Feudalism takes the aged idea of a ‘walled garden’ and modernises it to display what the internet is like today. Feudalism 2.0 is the idea that certain companies create ‘walled gardens’ surrounding their products to prevent the external use of such aspects, therefore patenting their work.
When Steve Jobs introduced the first Apple products, he made the iPhone “sterile” and neglect the ability for customisation. This in itself placed a metaphorical bubble surrounding the product and Steve Jobs is the garden owner.
Nowadays, Apple maintains full control over their IOS applications and maintaining their metaphoric ecosystem. Consumers may customise, personalise and design to their own pleasure, using Apple and IOS applications only.
Putting up a walled garden pulls and entices users to buy more Apple products and thus benefiting profits across the board. A smart idea which companies are beginning to use, benefiting their operations and marketing.
3 thoughts on “FEUDALISM AND WALLED GARDENS”
Loving the blog entries and site you’ve made! You’ve perfectly portrayed the idea of walled gardens in such an extensive manner that connects the idea to feudalism with relevant examples and information. It would be intriguing to see remediation that exhibits your thoughts!
Having walled gardens are important in assisting with setting up and packing data. They exist to answer a value a proposition in order. Apple is an incredible example of how it utilised walled gardens for its potential benefit to producer higher profits as apple holds full control over their company. This is reflected accurately with the recent installation of iOS 14 which allows clients to customise the interface with widgets and added new highlights to improve accessibility. Walled gardens are also significant in coordinating clients within specific territories of a site or platform and prevents admittance to specific materials/content.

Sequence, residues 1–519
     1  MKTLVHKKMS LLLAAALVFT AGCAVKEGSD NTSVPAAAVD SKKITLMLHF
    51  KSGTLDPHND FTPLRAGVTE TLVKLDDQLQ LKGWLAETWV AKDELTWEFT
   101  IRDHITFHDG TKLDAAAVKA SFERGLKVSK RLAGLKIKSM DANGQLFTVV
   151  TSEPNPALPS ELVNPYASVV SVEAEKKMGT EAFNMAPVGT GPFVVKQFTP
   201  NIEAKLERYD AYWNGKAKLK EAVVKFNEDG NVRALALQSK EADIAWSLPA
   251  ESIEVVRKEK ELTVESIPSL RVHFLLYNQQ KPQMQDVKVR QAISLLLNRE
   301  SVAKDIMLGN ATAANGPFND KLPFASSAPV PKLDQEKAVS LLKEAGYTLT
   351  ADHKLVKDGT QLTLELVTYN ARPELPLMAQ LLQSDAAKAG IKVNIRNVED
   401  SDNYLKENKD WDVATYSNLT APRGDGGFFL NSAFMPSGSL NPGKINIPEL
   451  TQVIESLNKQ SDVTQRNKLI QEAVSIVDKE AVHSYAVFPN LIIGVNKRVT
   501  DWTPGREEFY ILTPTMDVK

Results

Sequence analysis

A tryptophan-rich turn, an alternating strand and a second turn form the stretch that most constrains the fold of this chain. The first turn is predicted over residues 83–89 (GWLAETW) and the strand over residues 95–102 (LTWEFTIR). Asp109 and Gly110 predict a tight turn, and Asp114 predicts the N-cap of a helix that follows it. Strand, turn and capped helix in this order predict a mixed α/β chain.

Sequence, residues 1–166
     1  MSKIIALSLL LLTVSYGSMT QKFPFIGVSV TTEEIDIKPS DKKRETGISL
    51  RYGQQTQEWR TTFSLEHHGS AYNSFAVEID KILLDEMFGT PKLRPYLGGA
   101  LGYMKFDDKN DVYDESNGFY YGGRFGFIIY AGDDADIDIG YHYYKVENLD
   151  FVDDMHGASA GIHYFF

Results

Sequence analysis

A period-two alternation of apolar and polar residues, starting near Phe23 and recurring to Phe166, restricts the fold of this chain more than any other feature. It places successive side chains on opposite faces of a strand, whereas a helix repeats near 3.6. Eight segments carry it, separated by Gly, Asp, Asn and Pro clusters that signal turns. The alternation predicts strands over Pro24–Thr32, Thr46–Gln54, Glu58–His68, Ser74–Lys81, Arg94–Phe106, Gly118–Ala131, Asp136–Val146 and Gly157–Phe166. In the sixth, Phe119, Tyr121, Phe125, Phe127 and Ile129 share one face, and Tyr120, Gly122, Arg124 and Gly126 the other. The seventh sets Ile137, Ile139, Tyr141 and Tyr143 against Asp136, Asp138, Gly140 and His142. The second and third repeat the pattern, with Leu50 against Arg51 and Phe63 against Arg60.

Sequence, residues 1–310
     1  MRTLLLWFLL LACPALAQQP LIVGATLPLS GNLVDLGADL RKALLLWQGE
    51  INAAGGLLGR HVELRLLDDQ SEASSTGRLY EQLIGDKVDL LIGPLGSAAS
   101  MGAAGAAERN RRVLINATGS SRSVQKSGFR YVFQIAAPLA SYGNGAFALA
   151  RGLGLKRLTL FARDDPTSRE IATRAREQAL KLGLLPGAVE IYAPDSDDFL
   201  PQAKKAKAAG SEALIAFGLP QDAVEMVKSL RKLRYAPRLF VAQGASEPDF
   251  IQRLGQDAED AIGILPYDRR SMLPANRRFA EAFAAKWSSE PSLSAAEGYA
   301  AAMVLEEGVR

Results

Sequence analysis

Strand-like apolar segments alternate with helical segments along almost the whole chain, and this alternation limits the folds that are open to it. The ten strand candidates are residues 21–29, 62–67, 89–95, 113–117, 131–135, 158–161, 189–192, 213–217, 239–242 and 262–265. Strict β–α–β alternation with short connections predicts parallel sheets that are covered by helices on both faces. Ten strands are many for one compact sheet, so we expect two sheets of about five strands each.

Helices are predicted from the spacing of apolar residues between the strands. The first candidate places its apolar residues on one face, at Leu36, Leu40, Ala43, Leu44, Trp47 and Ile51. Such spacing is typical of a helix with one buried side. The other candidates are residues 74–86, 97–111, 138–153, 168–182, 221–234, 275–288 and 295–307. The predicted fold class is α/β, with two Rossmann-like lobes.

Walled gardens are often developed for the profits they produce however I feel personally that it’s important that businesses utilise a more open web-based approach that is profitable for the company while still being convenient for the client. This would permit businesses like apple to team up and share valuable thoughts and ideas potentially benefiting both sides.
You’ve heavily utilised the information from the lecture and tutorial this week. I likewise discussed the garden walls but adopted an alternate path in investigating the hypothesis of how safe our information is within these conditions/environments. I would highly recommend checking out this article that details the creation of mobile network ecosystems and what it involves https://papers.ssrn.com/sol3/papers.cfm?abstract_id=1963427.
This YouTube video also further illustrate what a walled garden is. Hopefully, this encourages and builds your knowledge on this idea! https://youtu.be/OQ32ggNrUsw
Overall an incredible blog post! I’ve learned significantly more from what you’ve explained and I’m enthused on seeing what else you post! Best of luck!
LikeLiked by 1 person
Hi James! Loved your blog for this week and your example of Apple products was well suited. Have you got any other examples of ‘walled gardens’? I thinked about the movie The Secret Garden with this topic and how it portrays only a gatekeeper having access to changing the garden/platform, bounded by walls they are constricted to. Interesting read keep up the good work!
LikeLiked by 1 person
Hey James, this blog was so good and Apple was such a good example for this topic. I think the FAANG walled gardens are interesting too as there is so much to unpack within those five companies and now it is also leaning towards Microsoft being included. The lecture content was worked well into the blog and this was such a good concept!